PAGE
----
Saint Laurent Eyewear via Vogues Homme Japan
As the fashion set worldwide anxiously awaits Hedi Slimane’s designers under the Saint Laurent Paris label, I believe this is an appropriate time to reflect on his viewpoints on digital media and fashion. In particular this 2010 Style.com interview with the Saint Laurent Paris creative director has stayed in my mind and stands out as something worth re-visiting . Mr.Slimane is questioned by Dirk Standen and proceeds to speak on varied topics including the relevance of runway shows and the broader impact of media in the increasingly connected and fast-moving media climate. I’ve included some of the highlights below.
How do you think technology—tweeting, blogging, social media, etc.—has affected fashion? For better or worse?
It has affected different aspects of fashion tremendously. From commentary to fashion design, communication, and distribution.
The fashion Internet community is like a global digital agora tweeting passions and opinions. Anyone knows better, and each one is a self-made critic.
This is a fascinating idea, as I always favored amateurism (”the one that loves”) over professionalism, attraction over experience. It obliges anyone in the industry to think in a fresher way.
Of course, it is hard to say if any “authority,” someone like Suzy Menkes, might one day come out and use digital means to lead with integrity, enough background, outside of any conflict of interest.
On a design perspective, it has allowed any young designer or indie brand to get an instant audience, if used with wit and invention.
I am not quite sure of the future of retail as we know it. This is a truly important thing, maybe the most important one, as it might already mean there is nothing standing between the design and an audience/consumer.
Finally, the better and the worse have always been part of fashion, with the Internet only magnifying it and creating a joyful and noisy digital chaos.
The bottom line is that any note can create music. It is only a matter of taste.
Some people are questioning whether, in an era when information is disseminated so quickly, fashion shows still matter. As someone who has been both a participant and observer, do you think fashion shows are still an important and effective method of presentation?
I understand the options, but there is something else besides information.
Fashion somehow, for me, is purely and happily irrational.
I like the ritual, the liturgy of a well-crafted, emotional fashion show. I will never be jaded with this side of fashion. The “catwalk” is pure anthropology, something like an esoteric encrypted parade. It can totally be replaced but it will be missed.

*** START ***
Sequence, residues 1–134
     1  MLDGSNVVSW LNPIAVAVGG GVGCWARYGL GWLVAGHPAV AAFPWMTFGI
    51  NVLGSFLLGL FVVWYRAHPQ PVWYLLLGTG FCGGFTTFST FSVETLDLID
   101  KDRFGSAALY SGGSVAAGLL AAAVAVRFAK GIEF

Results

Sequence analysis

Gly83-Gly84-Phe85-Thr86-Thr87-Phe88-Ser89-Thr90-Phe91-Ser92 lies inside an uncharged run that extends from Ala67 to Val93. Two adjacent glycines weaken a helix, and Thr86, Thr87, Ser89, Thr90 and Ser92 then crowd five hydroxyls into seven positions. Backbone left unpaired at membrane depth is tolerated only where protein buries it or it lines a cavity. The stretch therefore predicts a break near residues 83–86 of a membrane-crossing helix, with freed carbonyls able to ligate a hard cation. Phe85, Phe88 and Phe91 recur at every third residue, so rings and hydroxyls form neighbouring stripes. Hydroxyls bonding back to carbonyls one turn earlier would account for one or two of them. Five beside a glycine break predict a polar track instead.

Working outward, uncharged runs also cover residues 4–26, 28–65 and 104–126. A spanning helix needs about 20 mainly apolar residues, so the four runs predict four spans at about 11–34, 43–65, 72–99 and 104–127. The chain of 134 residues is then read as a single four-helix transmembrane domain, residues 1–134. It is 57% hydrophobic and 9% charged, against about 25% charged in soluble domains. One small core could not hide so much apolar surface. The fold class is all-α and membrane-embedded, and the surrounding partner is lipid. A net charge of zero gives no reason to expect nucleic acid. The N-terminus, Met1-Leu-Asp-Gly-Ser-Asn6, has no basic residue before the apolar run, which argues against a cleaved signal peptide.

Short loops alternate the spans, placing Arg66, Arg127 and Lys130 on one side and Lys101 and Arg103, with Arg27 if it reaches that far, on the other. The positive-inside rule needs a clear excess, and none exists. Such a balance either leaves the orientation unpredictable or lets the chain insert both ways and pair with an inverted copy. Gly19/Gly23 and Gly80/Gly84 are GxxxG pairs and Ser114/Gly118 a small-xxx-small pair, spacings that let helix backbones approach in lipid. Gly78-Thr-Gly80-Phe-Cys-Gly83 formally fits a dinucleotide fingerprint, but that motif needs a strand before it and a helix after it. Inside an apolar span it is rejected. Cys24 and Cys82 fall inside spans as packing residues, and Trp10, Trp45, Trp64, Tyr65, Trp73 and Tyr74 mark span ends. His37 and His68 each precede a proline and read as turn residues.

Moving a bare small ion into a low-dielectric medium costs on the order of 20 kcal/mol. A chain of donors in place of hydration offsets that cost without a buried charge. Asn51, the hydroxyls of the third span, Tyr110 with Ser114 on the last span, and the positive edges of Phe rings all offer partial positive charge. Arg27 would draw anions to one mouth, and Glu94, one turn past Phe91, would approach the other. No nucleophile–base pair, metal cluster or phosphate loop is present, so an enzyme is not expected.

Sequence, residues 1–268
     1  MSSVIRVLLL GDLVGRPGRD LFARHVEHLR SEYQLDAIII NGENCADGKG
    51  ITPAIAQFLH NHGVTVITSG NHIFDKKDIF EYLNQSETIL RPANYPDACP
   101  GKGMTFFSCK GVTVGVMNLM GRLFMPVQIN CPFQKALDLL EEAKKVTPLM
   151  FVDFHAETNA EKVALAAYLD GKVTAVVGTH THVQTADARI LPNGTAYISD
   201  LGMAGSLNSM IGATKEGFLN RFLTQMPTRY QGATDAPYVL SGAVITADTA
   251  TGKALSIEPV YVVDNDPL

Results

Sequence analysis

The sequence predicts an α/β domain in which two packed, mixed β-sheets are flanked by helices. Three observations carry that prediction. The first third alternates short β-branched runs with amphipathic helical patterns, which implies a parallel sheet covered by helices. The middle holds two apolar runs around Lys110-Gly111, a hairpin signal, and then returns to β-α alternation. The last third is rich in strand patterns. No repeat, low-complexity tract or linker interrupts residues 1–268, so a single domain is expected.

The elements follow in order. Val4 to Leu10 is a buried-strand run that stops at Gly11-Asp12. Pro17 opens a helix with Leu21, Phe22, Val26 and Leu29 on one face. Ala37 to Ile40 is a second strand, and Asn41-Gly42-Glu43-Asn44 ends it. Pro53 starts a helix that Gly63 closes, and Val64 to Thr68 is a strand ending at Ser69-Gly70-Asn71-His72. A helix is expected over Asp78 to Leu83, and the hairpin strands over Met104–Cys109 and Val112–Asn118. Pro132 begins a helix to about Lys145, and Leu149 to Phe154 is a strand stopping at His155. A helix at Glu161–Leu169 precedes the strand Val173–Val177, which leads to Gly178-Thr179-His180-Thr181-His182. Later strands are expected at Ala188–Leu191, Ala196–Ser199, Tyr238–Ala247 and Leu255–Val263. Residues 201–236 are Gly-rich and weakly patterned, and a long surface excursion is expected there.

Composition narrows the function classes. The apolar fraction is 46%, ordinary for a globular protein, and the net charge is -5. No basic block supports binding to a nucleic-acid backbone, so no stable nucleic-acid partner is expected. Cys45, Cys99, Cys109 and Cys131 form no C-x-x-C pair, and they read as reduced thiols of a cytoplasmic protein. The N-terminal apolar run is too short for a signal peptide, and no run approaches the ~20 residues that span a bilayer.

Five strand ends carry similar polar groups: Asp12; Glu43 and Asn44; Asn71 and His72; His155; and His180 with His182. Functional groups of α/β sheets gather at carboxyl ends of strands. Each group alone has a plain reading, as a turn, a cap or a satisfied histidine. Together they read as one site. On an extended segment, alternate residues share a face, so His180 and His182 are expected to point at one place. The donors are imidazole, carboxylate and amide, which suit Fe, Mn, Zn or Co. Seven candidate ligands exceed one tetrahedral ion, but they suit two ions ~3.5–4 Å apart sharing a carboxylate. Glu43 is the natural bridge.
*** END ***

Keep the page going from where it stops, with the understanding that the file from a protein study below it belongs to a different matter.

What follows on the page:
Archaisms do have some reassuring charms, unless the Internet is used creatively, and in a poetic way.
The problem is also the number of brands that insist, for vanity or desperation and beyond common sense, to squeeze into the endless fashion weeks of the world for the wrong reasons.
Some of them would benefit from different methods to present their collections.
The silhouette you proposed for men at Dior Homme is in many ways still the dominant silhouette today. Are you surprised by how long it has lasted? Do you see it changing?
I started to work on my silhouette since the end of my Saint Laurent years, when I had the option to pursue my own style. I also started it because it was the only thing that would fit me, to be totally honest.
I became very repetitive with it over the years, as I was trying to define it accurately.
I always thought it was all about repetition, and I became extremely stubborn despite my opponents and the natural aim of the fashion industry to look for something new each season. I never wanted to please, as long as I could follow my beliefs. I always and only thought about my own time and the birth of an entire generation.
I heard so much about my proportions, and how absurd and unsuccessful, for instance, my skinny jeans and silhouette would be. I also heard about my lack of definition in masculinity, as I was aiming to try another definition. I also was questioned about my attraction to music, as I still believe there is no fashion without music. Marie Antoinette knew better when she fetched Gluck to Versailles, to try her new wardrobe on the dance floor. Nothing will ever change. Fashion = music + youth + sex. This is what my menswear and my style were always about.
Besides the proportions, it was about an allure, a certain movement.
I always believed the way men or women wear clothes (le porté, in French) defines fashion, and funnily enough, through history, furniture design.
So that it was never a “fashion comment,” as I was interacting directly, and still do on my own, with unknown musicians, artists, street casting for my shows. It was not about doing punk rock or metal when punk rock or metal had no relevance to the moment. My fashion and my style were like a random and sometimes intimate diary. Living in Berlin, I interacted with the music scene at a time when Berlin was aiming to set up an abstract and ethereal digital tone; my years in London happened to be the time when a new indie scene emerged among my friends. There were no clothes available around, so I designed them for the rest of us. These are the clothes we wanted to wear, and these are the clothes, allure, and style that ended up my own.
Read the entire interview HERE